//State acquisition powers: NSW Government v Desane in the Court of Appeal

State acquisition powers: NSW Government v Desane in the Court of Appeal

The NSW government’s power to compulsorily acquire property for major projects has been bolstered by a recent decision of the Court of Appeal, Roads and Maritime Services v Desane Properties Pty Ltd [2018] NSWCA 196. 

Light rail construction by John Cowper (CC2.0CC)

The NSW government had announced in 2017 that an area including the property of developer Desane Properties Pty Ltd at 68-72 Lilyfield Road Rozelle (Desane) would be transformed into open space and parkland after the completion of the Rozelle Interchange section of the WestConnex project. Subsequently, Roads and Maritime Services (RMS) issued a proposed acquisition notice to Desane in order to start the compulsory acquisition process under the Land Acquisition (Just Terms Compensation) Act 1991 (NSW) (the Act). 

Desane challenged the proposed acquisition notice in the Supreme Court of NSW. Desane contended that the proposed acquisition notice was invalid for its failure to comply with the approved form under the Act, and further that the RMS was motivated by an improper purpose in issuing the notice, being the NSW government’s promise to provide open space and parkland, rather than the construction of the Rozelle Interchange.  

Compulsory acquisitions for West Connex have been controversial: Miska Mandic (CC2.0CC)

In the first instance, the Supreme Court found in favour of Desane, finding that the proposed acquisition notice did not comply with the requirements of the Act and was therefore invalid, and further that there was an improper ulterior purpose to the proposed acquisition notice, which would otherwise invalidate it.  

That decision has now been overturned on appeal, with the Supreme Court, Court of Appeal, finding that the proposed acquisition notice issued by the RMS to Desane Properties Pty Ltd in respect of their property at Rozelle was valid.  

The Court of Appeal held that a failure to comply with the procedural requirements of the Act does not invalidate a proposed acquisition notice and, regardless, th proposed acquisition notice substantially complied with the requirements of the Act.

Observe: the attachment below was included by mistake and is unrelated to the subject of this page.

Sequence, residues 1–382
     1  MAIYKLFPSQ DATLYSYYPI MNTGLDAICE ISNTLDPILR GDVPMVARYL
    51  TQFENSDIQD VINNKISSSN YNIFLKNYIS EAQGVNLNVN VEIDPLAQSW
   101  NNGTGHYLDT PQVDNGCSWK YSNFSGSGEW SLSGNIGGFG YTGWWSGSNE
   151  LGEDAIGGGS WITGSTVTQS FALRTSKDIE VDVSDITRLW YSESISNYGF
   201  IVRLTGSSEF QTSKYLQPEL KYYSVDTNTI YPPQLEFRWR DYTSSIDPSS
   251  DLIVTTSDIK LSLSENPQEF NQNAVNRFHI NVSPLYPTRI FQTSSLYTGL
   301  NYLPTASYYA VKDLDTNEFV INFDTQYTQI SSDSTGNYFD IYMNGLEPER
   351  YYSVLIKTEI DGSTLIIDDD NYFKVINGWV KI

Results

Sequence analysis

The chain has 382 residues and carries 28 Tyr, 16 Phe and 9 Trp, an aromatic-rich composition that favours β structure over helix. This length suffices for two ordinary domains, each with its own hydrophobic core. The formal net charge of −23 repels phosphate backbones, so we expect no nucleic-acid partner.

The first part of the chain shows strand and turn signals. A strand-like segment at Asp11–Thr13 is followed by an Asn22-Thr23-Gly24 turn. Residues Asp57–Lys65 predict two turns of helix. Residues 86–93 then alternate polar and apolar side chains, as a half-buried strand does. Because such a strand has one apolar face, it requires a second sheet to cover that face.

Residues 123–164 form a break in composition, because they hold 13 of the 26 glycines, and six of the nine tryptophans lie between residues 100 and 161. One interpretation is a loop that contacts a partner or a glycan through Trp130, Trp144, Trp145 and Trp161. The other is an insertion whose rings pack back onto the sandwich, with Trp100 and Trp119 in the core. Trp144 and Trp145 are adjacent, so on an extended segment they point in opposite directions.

The Court of Appeal further held that the RMS was not motivated by an improper purpose at the time of issuing the proposed acquisition notice because, on the evidence, the property would be used as a site for the construction of the Rozelle Interchange and therefore was a means to an end under a plenary power of the State.   

The future plans to use the property for parkland and open space following such construction did not derogate from the purpose of using the land as part of the construction site and the fact that the Rozelle Interchange project, much like most major infrastructure projects, may not in fact proceed did not invalidate the legitimacy of the RMS’s purpose in the proposed acquisition.   

Lastly, there is no requirement that the public purpose of a proposed acquisition be stated in the proposed acquisition notice. Moreover there is no need to identify the specific use with precision at the time of issuing the proposed acquisition notice. In this case, it was enough that the property was intended to be within a parcel of land used as a construction site for the Rozelle Interchange project.   

This decision gives the NSW government significant leeway in terms of not needing to strictly comply with the procedural requirements of the Act in compulsorily acquiring property for major projects including not needing to specify the public purpose for which a property is being acquired and not needing to be able to identify more than the general public purpose use to which a property is intended to be put. 

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Contact our land and environment team if you have questions about the acquisition of property by a public authority or corporation. You can email us on enquiries@dowsonturco.com.au or call us on 0295193088 

 

By |2018-09-07T16:25:23+00:00September 7th, 2018|DTL Blog|Comments Off on State acquisition powers: NSW Government v Desane in the Court of Appeal